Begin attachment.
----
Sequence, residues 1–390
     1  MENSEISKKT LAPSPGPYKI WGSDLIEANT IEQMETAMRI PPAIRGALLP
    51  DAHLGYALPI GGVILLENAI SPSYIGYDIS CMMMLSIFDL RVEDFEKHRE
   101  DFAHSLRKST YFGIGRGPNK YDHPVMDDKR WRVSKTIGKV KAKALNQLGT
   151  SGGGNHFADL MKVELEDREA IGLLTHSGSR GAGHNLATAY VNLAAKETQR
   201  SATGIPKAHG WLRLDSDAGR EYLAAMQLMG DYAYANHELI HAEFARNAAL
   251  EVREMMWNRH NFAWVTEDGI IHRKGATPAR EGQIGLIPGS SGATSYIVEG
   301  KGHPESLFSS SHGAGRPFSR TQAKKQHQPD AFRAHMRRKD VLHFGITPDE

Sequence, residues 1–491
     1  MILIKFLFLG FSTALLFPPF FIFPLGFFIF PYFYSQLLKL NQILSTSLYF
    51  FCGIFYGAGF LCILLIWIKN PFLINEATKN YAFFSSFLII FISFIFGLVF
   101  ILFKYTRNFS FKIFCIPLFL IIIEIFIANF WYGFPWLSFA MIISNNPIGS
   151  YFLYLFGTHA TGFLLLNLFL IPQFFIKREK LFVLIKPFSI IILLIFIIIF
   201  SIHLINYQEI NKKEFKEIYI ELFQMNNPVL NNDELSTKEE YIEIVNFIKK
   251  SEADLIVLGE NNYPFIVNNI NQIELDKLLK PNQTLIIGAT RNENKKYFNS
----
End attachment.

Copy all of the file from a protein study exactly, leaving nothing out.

Sequence, residues 1–390
     1  MENSEISKKT LAPSPGPYKI WGSDLIEANT IEQMETAMRI PPAIRGALLP
    51  DAHLGYALPI GGVILLENAI SPSYIGYDIS CMMMLSIFDL RVEDFEKHRE
   101  DFAHSLRKST YFGIGRGPNK YDHPVMDDKR WRVSKTIGKV KAKALNQLGT
   151  SGGGNHFADL MKVELEDREA IGLLTHSGSR GAGHNLATAY VNLAAKETQR
   201  SATGIPKAHG WLRLDSDAGR EYLAAMQLMG DYAYANHELI HAEFARNAAL
   251  EVREMMWNRH NFAWVTEDGI IHRKGATPAR EGQIGLIPGS SGATSYIVEG
   301  KGHPESLFSS SHGAGRPFSR TQAKKQHQPD AFRAHMRRKD VLHFGITPDE

Sequence, residues 1–491
     1  MILIKFLFLG FSTALLFPPF FIFPLGFFIF PYFYSQLLKL NQILSTSLYF
    51  FCGIFYGAGF LCILLIWIKN PFLINEATKN YAFFSSFLII FISFIFGLVF
   101  ILFKYTRNFS FKIFCIPLFL IIIEIFIANF WYGFPWLSFA MIISNNPIGS
   151  YFLYLFGTHA TGFLLLNLFL IPQFFIKREK LFVLIKPFSI IILLIFIIIF
   201  SIHLINYQEI NKKEFKEIYI ELFQMNNPVL NNDELSTKEE YIEIVNFIKK
   251  SEADLIVLGE NNYPFIVNNI NQIELDKLLK PNQTLIIGAT RNENKKYFNS